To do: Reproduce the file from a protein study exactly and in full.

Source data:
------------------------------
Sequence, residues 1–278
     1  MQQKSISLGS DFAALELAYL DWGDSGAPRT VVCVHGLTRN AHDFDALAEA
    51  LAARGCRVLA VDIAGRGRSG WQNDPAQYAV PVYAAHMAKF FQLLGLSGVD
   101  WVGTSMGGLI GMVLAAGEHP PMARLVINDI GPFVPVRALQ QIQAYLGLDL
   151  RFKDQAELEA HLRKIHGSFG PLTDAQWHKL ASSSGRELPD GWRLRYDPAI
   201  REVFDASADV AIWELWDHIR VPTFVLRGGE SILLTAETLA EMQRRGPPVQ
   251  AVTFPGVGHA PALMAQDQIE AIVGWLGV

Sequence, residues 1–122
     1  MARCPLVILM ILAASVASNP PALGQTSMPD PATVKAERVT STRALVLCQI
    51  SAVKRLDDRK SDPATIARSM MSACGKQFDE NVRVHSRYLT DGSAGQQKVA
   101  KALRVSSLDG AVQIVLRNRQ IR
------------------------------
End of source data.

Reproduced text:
Sequence, residues 1–278
     1  MQQKSISLGS DFAALELAYL DWGDSGAPRT VVCVHGLTRN AHDFDALAEA
    51  LAARGCRVLA VDIAGRGRSG WQNDPAQYAV PVYAAHMAKF FQLLGLSGVD
   101  WVGTSMGGLI GMVLAAGEHP PMARLVINDI GPFVPVRALQ QIQAYLGLDL
   151  RFKDQAELEA HLRKIHGSFG PLTDAQWHKL ASSSGRELPD GWRLRYDPAI
   201  REVFDASADV AIWELWDHIR VPTFVLRGGE SILLTAETLA EMQRRGPPVQ
   251  AVTFPGVGHA PALMAQDQIE AIVGWLGV

Sequence, residues 1–122
     1  MARCPLVILM ILAASVASNP PALGQTSMPD PATVKAERVT STRALVLCQI
    51  SAVKRLDDRK SDPATIARSM MSACGKQFDE NVRVHSRYLT DGSAGQQKVA
   101  KALRVSSLDG AVQIVLRNRQ IR